First of all, this post is in no way related to the LGBT community, that I have nothing but respect and compassion for.
Hair. It merely is a protein filament that grows from follicles of the skin or dermis. Grizzly, wavy, scant, thick, curly, poker straight, smooth, coarse… every person is blessed with a different type. As human beings, our relationship with the hair on our heads is fascinating. Some like to accessorise, some keep it minimal while others just experiment a little here and there like an in-built accessory that transforms their look. The bottomline is your hair changes the way you look, highlighting or exposing parts of your face.
So, I cut my hair. Short. Then some more and some more; till it became a neat, edgy little pixie cut. My luscious thick hair was like a mane, dark and tumbling in waves. Then came a difficult time and I wanted to change things about me and around me. So I began working inwards and outwards. I had my mother (an untrained, yet amazing hairstylist) chop off my shoulder length hair and bring it to a cute little lob. The decision was subconscious, I realised it in retrospect. I was not looking to make any drastic changes but the haircut somehow gave me a little distraction. Sort of like an insignificant but welcome change from the mess that my mind seemed to be shrouded in. For the most part, I was glad to be rocking the lob and wore it with great pride for the next four months. It grew out, not out of shape but in a way that it defined my face and brought out the little curls at the ends of my locks. So change, once again was welcome.
I realised I was getting better, getting back to the old me. I was again becoming the girl who would get tired of things pretty soon and would look for ways to keep things interesting or accept and (sometimes abandon) what she could not change. What did I do this time? Snip, snip! My twin who usually styles my bangs was pestered to chop off my hair to a pixie. Several Pinterest pins, YouTube videos and “pixie cut for heart shaped face” image searches later, I sported a longish pixie. Part of which I styled and finished myself. It was a defining moment for her too. Content with merely styling bangs or supervising my haircuts when mum would work her magic; she never had the courage to chop off hair. And me… well, let’s just say that I’d always had a girl crush on the cute pixie and how it led an impish, androgynous or out-and-out badass look to the wearer, depending on how it was styled. Dad loved it, brother was meh and the twin was glad I wasn’t too critical with her work 😛
My hair growth is crazy and what was a long pixie started resembling a bob. In came mum and rectified it all. Moms are awesome. It makes me happy, to know that I’ve found the courage to cut my hair this short. I’ve always felt like I am not the smartest at making decisions. But boy, this is the coolest one I’ve made!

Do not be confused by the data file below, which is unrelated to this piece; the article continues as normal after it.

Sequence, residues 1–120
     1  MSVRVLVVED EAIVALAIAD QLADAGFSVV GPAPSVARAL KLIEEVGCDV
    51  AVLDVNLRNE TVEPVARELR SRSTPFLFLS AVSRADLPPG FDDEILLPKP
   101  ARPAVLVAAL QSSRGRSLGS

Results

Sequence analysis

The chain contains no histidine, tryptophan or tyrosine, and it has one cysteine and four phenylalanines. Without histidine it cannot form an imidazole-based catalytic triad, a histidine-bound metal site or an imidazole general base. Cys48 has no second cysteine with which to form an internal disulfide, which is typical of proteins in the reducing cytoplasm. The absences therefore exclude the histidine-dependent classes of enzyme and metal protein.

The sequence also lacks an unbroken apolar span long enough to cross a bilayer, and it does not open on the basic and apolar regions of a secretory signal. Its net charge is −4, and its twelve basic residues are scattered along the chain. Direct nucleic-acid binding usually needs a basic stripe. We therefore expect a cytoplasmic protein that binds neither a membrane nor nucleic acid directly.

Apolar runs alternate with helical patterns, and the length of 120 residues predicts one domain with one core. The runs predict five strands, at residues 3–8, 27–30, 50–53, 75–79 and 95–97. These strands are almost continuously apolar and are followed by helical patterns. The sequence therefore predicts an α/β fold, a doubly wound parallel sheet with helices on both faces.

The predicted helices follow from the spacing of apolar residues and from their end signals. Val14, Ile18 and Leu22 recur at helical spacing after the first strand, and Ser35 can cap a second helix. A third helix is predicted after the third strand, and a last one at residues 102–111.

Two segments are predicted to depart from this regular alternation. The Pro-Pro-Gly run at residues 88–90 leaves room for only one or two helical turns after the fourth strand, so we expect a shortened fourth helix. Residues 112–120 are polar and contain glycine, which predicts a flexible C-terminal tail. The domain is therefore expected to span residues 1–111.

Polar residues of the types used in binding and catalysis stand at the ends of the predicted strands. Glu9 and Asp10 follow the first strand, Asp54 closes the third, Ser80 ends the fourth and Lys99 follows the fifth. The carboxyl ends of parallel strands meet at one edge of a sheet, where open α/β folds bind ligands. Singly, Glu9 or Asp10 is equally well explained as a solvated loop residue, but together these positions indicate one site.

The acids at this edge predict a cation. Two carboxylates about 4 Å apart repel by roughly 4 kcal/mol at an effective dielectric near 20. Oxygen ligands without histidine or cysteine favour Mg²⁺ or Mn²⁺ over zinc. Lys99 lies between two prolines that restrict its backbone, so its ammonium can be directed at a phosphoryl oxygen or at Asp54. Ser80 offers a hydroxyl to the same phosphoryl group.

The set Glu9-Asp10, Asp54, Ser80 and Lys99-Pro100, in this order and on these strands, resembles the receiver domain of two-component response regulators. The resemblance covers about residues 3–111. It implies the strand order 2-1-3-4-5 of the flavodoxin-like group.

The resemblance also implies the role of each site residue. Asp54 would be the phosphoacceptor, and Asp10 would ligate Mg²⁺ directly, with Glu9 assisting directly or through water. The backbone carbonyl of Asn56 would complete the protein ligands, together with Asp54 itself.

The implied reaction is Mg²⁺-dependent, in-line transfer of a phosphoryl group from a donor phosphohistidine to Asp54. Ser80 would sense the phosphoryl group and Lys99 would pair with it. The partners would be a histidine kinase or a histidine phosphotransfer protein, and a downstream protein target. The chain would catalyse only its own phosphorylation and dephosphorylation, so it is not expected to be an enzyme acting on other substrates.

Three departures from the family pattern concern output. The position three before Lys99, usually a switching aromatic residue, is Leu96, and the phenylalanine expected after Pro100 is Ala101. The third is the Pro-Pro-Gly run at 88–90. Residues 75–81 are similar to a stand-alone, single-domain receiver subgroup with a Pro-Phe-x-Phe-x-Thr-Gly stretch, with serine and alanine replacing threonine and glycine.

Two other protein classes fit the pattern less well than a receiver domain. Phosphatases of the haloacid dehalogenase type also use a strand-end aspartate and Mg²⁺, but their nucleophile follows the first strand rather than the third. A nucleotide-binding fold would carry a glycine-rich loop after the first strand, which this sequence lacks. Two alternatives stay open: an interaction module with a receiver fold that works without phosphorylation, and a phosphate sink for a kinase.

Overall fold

I wouldn’t call myself pretty; I have been told I have a rather unconventional face. As a young child and a teenager, I’ve battled self-esteem issues as my twin has a more symmetrical set of features. Comparison is the cruellest thing anyone can be subjected to. Countless aunts, close or distant, have done that as I was growing up. It can bring you down for the words spoken aim at showing one person up and the other is left feeling belittled and hurt. Sure, there’s an awkward smile or an occasional giggle to mask it all but deep down it leaves you feeling inadequate. That no matter how funny or nice or kind you are, people will judge you for the way they see you. It took a lot of pain, a brash decision and a super short, chic haircut to get me to reflect on all this… and finally get rid of all those latent feelings of inadequacy.
Now when I make my way to work, I have several middle-aged women give me stares. It really does not bother me, for I know I am in India. I’m born in a country where strangers are quite uncharitable with their opinions and unabashed to show the same. Then there are others who gawk with awe; I gloat a little, for a tiny millisecond, knowing I carry it off really well. So while the lady across the seat in the Metro is judging the six piercings in my ear, my super short pixie; I am busy chilling on the ten-minute ride to work with my music and musing about how cool and airy my scalp feels!
My friend (and co-contributor on a section in the blog) thinks the haircut resonates with who I am. Eccentric, impish and a little impulsive. She also jokes it makes me look like a dyke. So much so that she typed in “dyke” on her contacts list when she had to call me! It’s the best compliment anyone has paid me!